music of the Women's Sekere Ensemble. Enjoy complimentary
cookies and lemonade in the garden--as well as an opportunity
to chat with the building and landscape architects and the
builders involved in the project, experience the new public
garden space and tour part of the new collections wing.
Explorations, a special exhibition honoring the
long history of international fieldwork behind the Museum's
collections, opens in the newly renovated hallway gallery
just off the Stoner Courtyard entrance and adjacent to the
is a dream realized, not only for the Museum, but for the
entire University community," said Dr. Jeremy A. Sabloff,
the Williams Director of the University of Pennsylvania
Museum. "For Penn's researchers and researchers around the
world, the new Mainwaring Wing for collections storage and
study promises improved collections access, and the preservation
of important collections for generations to come."
Tours of one floor of the new state-of-the-art Mainwaring
Wing for collections storage and study will be available
on Friday. The wing was designed by the Philadelphia firm
of Atkin, Olshin, Lawson-Bell and Associates Architects,
and built by Turner Construction Company. The project was
overseen by Trammell Crow Company for Penn. Representatives
of the design and building teams will be available to talk
about the project.
by Candice diCarlo
Wierzbowski, American section, with a 19th century Native
American shoulder pouch.
Wing for collections storage and study soon will have limited
access when about 100,000 of the Museum's million artifacts
are moved into the space (a project slated to take up to 18
months). For the May 3 celebration, Penn faculty and staff
will be able to visit one floor of the new, state-of-the-art
building, greeted by Museum collection staff. Information
about future researching opportunities in the Museum's new
wing--as well as other collections areas, and Museum archives
--will be available at the event.
A Century of Images in
Archaeology and Anthropology
photos from the exhibit>>
George F. Dales, 1969.
F. Dales surveyed the Seistan region (pictured above)
of southwestern Afghanistan in search of evidence
of contact between the Indus and Mesopotamian civilizations.
exhibition, in honor of the new wing and courtyard,
runs from May 2 through December 29. It will be in
the renovated hallway galleries just off the Courtyard's
entrance, which reopens as the Museum's main entrance,
in anticipation of construction work in the Warden
Explorations provides a visual journey through
the archaeological and ethnographic landscape covered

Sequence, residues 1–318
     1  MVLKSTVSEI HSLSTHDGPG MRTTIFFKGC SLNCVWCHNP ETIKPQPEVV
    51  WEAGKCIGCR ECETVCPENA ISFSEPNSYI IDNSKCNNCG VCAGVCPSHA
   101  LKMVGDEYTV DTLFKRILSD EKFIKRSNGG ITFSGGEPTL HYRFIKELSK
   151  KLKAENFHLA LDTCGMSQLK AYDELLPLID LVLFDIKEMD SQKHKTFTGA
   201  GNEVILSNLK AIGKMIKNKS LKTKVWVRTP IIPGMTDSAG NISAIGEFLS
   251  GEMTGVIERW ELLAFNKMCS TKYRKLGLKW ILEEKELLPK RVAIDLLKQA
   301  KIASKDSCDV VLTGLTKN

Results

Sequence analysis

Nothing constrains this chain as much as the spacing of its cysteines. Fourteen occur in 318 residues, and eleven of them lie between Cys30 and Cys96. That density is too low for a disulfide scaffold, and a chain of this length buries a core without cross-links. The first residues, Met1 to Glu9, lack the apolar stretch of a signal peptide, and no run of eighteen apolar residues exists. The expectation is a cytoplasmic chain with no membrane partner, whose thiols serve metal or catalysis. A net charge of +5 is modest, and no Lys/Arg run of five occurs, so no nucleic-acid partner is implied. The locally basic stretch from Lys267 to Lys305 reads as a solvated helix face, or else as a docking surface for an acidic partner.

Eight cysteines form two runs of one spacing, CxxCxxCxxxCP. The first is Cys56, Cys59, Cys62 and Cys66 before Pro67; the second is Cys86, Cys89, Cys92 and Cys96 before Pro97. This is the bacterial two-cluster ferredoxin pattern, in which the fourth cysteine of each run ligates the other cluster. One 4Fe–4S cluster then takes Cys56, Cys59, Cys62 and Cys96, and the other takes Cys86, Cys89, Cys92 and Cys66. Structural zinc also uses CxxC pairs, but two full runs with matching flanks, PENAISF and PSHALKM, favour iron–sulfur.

by the Museum's 115-plus years of research around
the world. More than 60 black-and-white photographs
offer a kaleidoscopic view of a sampling of the nearly
400 field projects in the Museum's history. To prepare
the exhibition, Alessandro Pezzati, Museum archivist,
selected images from the tens of thousands of expedition
photographs in the Archives. Included are images from
famous expeditions to the Amazon (1913-1916), Memphis,
Egypt (1915-1923), Ur in Iraq (1922-34), Tikal, Guatemala
(1956-1970) and Gordion, Turkey, where the Museum
continues field work it began in 1950.
new, 52-inch internet-based screen updates the exhibition
with changing images of fieldwork being conducted by today's
generation of Museum researchers. While the photographs document
past research, curators and research scientists are still
active in both archaeology and anthropology around the world.
Using the latest in computer technology, these projects--over
30 in all--are shown in a dynamic display. Visitors will get
a glimpse into current excavations and analyses, from the
Old Stone Age of Egypt and France, the ancient civilizations
of both the Old and New Worlds, to the study of modern peoples
around the world.
by John Henry Haynes, 1899
carry away baskets full of dirt in a stark, surreal landscape
at Nippur in Iraq, 1899.
Stoner Courtyard garden, featuring plants from three continents,
is an elegant new contemplative public garden space on our
beautiful campus, and one that we want the Penn community
to visit, use, and enjoy," Dr. Sabloff said. "Come on out,
celebrate with us, and get acquainted
with this wonderful new space." Penn faculty and staff will
have the opportunity to be among the first to stroll the garden--the
area's newest urban contemplative space designed by Olin Partnership,
Landscape Architects and Urban Planners. Olin Partnership
recently completed the Comprehensive Development Plan for
the University as well as the Master Plan for Independence
National Historic Park.
Almanac, Vol. 48, No. 32, April 30, 2002
April 30, 2002
Volume 48 Number 32